OT Language (was Re: lost Desktop)

Duncan 1i5t5.duncan at cox.net
Wed Jul 20 03:34:35 BST 2011

Anne Wilson posted on Tue, 19 Jul 2011 19:30:29 +0100 as excerpted:

> The Channel Lock does look the nearest, but clearly it is much more
> "technical" than ours :-)  I have to admit, I do like the clean
> simplicity of this tool.  Absolutely nothing to go wrong (other than
> losing the pin :-) ) -
> a real no-nonsense tool.

Sounds like you've insufficient experience with dollar-store (pound-store?
euro-store?) level tools. =:^]  There's /always/ something that can go 
wrong, and I'm sure they'd find something here, too.  (This is a variant 
of the "there's always a more foolish fool" concept.  "There's always a 
cheaper, not as sturdy, version of the tool to be found at some dollar 
store /somewhere/." =:^)

They're not really that bad for the cost, in many cases, and sometimes 
(as with that one strange type of what they called "pipe wrench", that 
looked more like what we've been referring to here as an "English key") 
impressively good (and screwdrivers and ordinary pliers are quite 
consistently indistinguishable from stuff costing 4-10 times that in an 
ordinary store), which is why I still buy them, but... the general 
experience remains true.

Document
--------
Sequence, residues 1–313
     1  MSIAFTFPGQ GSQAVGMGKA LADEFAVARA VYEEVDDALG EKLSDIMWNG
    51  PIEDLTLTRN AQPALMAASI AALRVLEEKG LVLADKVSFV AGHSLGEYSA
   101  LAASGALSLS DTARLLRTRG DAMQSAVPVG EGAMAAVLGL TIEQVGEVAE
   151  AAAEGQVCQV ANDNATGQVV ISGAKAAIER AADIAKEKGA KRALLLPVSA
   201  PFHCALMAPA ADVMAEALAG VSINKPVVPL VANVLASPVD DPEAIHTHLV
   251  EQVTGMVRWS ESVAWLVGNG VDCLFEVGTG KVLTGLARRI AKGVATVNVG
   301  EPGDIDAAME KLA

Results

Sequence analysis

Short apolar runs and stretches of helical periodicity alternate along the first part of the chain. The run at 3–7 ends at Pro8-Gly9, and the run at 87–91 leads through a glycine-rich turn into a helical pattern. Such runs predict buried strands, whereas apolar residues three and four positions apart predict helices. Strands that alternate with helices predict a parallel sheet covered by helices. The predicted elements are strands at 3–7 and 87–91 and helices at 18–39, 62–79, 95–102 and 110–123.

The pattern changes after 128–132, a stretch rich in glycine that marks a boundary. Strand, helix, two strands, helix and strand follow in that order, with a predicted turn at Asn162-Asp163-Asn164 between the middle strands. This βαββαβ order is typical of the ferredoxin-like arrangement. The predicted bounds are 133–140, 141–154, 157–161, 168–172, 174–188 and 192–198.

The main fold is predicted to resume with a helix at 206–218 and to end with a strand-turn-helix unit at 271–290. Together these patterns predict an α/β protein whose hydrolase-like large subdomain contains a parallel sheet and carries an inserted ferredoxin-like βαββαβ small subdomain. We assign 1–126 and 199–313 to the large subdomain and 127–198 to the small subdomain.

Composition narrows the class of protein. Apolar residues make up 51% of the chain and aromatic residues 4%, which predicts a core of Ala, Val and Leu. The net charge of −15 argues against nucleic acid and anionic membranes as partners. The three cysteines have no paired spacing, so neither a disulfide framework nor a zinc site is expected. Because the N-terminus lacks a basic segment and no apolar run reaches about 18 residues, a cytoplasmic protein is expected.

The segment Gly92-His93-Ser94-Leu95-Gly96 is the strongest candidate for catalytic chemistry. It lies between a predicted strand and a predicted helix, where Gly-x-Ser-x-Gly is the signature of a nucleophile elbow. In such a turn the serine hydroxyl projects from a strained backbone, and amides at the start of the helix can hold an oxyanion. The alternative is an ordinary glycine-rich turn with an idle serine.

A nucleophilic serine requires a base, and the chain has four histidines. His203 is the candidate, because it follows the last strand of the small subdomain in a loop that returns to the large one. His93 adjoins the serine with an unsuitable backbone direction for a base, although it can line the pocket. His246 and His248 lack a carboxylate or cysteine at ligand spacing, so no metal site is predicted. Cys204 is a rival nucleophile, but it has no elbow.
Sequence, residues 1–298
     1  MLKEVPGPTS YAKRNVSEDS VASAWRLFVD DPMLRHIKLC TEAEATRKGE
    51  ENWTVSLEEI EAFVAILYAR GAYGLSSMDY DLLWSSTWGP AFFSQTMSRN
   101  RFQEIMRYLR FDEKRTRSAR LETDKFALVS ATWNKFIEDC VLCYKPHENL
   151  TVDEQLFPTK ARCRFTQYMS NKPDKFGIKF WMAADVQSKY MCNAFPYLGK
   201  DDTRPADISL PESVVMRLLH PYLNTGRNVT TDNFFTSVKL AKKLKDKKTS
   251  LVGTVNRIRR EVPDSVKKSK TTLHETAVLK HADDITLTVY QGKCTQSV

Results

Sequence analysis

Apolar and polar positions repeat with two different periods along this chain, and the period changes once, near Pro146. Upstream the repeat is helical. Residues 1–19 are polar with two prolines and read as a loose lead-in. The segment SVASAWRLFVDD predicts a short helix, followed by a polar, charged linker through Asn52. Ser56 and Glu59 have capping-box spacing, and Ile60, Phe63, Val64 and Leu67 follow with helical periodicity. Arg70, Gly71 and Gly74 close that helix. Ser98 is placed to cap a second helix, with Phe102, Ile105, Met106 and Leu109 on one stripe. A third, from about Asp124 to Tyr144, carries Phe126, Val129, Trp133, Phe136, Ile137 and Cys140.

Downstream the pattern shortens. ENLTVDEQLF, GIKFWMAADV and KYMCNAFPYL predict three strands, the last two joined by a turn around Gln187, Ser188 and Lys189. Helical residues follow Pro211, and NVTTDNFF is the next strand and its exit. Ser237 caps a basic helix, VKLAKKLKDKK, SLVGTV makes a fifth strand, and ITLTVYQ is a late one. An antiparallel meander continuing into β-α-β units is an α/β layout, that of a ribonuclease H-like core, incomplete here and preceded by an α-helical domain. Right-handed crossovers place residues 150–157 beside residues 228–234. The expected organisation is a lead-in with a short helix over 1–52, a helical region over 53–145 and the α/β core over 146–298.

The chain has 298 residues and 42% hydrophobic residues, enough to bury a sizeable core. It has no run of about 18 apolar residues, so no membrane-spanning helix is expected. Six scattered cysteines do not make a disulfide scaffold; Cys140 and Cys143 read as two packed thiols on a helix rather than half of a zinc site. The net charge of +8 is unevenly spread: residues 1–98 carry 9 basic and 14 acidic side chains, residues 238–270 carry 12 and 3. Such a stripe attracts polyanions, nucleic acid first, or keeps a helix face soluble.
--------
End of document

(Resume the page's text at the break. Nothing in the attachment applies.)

I actually have a number of pair of "water pump pliers" from the dollar 
store.  They work reasonably well, which is why I have a number of pair, 
but the metal is definitely a softer grade, and in particular, the 
channel-lock area (which is thinner than the rest of the handle due to 
the channel groves) sometimes bends such that if you try to grip 
something too tightly, it'll slip a notch, thus defeating the purpose for 
some uses.  But for a buck a pair, I'm not going to argue.

With your tool, I suspect either the pin would be too soft and would 
break, or the metal of the handle would be thin (less metal==cheaper!, 
but they'd be covered with fancy looking plastic hand-grips so you 
couldn't tell how thin the metal handles actually were!) and soft enough 
that they'd bend.

So your "nothing to go wrong" simply demonstrates an insufficient 
experience with tools at the dollar-store grade where *someone* will 
surely devise a way to make the tool sufficiently cheaper that something 
WILL go wrong!  See?  =:^)

But back then, "they didn't know how to make stuff that cheap, so it was 
built to last and it's no surprise that it did", as I've seen it stated 
(tho in reality it's just that the cheap stuff broke and was thrown out 
long before now, and we're looking back with rose tinted memory).

But you're right, and the above is simply intended to make a hopefully 
somewhat humorous (humourous?) point.  But all joking aside, there /is/ 
something to be appreciated about that clean and elegant simplicity. =:^)

Duncan - List replies preferred.   No HTML msgs.
"Every nonfree program has a lord, a master --
and if you use the program, he is your master."  Richard Stallman

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